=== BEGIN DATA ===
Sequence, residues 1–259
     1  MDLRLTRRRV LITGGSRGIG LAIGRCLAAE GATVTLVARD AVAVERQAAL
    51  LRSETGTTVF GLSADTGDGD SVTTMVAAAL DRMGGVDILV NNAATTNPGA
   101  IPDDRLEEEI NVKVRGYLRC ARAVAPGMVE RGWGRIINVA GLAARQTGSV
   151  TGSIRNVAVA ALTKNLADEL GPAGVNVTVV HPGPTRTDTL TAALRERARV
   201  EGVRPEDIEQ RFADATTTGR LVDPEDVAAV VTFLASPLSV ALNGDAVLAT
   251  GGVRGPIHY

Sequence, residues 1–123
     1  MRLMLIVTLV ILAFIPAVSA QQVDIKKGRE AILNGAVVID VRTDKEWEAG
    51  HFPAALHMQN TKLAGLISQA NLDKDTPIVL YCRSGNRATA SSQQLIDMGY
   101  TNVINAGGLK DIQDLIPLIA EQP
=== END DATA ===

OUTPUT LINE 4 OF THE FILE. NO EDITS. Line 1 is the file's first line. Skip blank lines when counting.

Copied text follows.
   101  IPDDRLEEEI NVKVRGYLRC ARAVAPGMVE RGWGRIINVA GLAARQTGSV